Why Taxing Elective Surgery is Not the Answer to Health Care Reform
- Posted on: Aug 21 2009
New York Plastic Surgeon, Dr. Jennifer Walden, discusses why taxing elective plastic surgery procedures is not a logical way to fund health care reform efforts. Neil Cavuto of Fox News interviews on this topic.
As we all are well aware, the nation’s health care system is in dire need of reform and cannot continue to support the needs of the American community. Health care costs are on the rise and doctors and patients alike are feeling the pains of the skyrocketing expense. President Obama brought this issue to the forefront of his campaign and is trying to develop a strategy to bring this deficit into prospective. One of the “ideas” presented last week was a new tax on Botox and other plastic surgery procedures. The concept is to place a 10% tax on cosmetic procedures like breast augmentation, rhinoplasty, injectables, and other elective surgeries. The money generated would be put towards the $1 trillion dollar health care overhaul. Many in Congress have compared this tax to the “sin tax” that is put on cigarettes and alcohol. We feel there are many, many conflicting issues with this proposal. First, the most obvious is lumping plastic surgery services into the same boat with cigarette usage is absolutely ridiculous. It is well known that cigarettes not just CAN but WILL lead to many forms of cancer and possible death. The strain that cigarette users put on the health care system is also extremely large. To insinuate a comparison of cigarette and alcohol use to plastic surgery is beyond silly.
Doctors and other health care professionals, not the government, should discern between what procedures are “medically necessary” or not. But the truth is, many patients who undergo plastic surgery procedures like breast reduction, ear pinning, breast augmentation, and rhinoplasty benefit both psychologically and physically. It is well known that plastic surgery patients are mostly women, so this would end up being a discriminatory move toward women. Also, one of the largest misconceptions about plastic surgery is that it is only the “ultra rich” that undergo these procedures. This generality couldn’t be further from the truth. The plastic surgery patients of today consist of middle class women from the age of 23-65. These women work very hard and save for quite a long time to be able to have these procedures. These are the woman who would ultimately bear the weight of such a decision.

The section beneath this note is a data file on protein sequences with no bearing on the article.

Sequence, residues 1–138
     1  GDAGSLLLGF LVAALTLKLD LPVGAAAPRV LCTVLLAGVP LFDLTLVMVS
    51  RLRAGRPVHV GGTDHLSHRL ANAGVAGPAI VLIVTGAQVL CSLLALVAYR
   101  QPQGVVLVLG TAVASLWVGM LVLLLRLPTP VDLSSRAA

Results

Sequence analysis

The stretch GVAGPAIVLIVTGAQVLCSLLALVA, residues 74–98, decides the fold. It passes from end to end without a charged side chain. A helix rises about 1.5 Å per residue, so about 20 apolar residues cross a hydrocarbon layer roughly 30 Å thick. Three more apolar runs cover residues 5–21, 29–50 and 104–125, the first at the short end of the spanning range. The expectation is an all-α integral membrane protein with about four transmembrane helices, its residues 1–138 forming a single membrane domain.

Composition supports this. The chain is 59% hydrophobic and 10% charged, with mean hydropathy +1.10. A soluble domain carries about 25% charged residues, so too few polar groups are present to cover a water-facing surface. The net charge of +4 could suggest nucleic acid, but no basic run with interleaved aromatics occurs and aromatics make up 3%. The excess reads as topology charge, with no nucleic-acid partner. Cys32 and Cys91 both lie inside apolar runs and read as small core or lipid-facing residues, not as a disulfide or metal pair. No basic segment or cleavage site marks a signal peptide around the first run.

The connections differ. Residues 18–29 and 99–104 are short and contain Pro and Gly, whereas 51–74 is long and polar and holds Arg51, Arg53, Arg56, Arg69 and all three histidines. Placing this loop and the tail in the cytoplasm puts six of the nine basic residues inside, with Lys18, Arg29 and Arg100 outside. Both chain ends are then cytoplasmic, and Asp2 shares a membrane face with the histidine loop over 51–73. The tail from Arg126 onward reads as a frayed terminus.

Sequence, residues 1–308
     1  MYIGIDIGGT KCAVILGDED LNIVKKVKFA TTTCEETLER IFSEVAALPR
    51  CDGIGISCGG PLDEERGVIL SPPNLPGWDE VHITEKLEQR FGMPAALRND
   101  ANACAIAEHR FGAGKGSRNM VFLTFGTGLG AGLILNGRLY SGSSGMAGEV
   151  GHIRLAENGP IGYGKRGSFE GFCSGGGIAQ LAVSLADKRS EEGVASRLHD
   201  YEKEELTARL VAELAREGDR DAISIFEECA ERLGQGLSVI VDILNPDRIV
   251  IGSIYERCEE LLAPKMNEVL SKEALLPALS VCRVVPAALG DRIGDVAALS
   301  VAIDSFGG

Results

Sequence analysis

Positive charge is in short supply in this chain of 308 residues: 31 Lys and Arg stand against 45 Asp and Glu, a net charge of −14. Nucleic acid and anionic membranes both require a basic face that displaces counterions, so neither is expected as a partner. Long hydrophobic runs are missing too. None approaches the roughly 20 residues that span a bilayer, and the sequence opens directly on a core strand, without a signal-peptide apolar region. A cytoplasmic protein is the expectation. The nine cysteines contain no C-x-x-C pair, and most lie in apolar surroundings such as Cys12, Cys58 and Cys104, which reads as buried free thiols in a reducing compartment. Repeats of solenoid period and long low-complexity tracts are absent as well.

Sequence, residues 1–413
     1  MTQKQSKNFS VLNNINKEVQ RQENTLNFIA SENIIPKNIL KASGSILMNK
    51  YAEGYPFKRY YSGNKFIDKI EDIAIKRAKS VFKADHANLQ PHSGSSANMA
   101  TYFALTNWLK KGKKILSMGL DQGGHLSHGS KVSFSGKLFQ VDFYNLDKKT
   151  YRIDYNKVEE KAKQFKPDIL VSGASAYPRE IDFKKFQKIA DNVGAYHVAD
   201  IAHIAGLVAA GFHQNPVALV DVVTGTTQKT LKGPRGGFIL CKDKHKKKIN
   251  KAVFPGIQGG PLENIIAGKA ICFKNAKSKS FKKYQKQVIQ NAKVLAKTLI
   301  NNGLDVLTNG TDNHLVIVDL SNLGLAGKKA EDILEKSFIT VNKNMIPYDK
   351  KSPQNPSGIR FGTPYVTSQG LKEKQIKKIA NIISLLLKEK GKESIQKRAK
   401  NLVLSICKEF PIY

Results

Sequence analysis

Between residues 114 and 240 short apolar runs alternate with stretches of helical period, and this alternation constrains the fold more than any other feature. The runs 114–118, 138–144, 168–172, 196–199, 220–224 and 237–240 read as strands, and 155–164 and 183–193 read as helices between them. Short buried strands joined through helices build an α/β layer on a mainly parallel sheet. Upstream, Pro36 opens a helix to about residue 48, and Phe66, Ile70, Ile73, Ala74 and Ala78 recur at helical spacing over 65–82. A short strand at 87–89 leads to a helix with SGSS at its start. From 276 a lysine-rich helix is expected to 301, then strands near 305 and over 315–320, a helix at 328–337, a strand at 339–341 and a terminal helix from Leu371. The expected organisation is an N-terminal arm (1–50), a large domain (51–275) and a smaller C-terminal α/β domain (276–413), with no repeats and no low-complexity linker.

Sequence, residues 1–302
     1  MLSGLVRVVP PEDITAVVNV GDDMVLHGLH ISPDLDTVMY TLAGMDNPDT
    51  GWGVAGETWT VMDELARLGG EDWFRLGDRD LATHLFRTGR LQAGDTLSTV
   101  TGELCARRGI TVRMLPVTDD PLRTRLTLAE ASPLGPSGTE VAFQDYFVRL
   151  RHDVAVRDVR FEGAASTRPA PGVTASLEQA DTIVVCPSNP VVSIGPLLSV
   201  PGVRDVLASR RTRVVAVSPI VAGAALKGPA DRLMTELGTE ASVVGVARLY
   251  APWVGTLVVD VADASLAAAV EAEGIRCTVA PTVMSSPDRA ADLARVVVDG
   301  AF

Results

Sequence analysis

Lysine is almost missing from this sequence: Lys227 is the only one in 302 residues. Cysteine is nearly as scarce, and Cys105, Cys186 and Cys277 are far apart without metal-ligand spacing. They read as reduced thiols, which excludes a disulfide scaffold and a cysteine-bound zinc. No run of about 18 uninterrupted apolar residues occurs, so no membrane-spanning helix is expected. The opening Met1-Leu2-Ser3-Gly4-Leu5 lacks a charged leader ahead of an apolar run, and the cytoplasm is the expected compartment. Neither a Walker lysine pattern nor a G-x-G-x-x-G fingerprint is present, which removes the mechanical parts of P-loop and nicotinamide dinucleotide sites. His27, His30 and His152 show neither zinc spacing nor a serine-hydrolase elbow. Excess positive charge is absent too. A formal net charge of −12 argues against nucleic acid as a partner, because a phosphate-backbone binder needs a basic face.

This tax was put into place in New Jersey a few years back and has been a major disappointment. Patients simply got in their cars or on a train to Manhattan to have their surgeries tax free in New York. Remember, you always have a say in how your government runs the country, so call your local representatives and voice your opinion if you have questions or concerns with health care reform!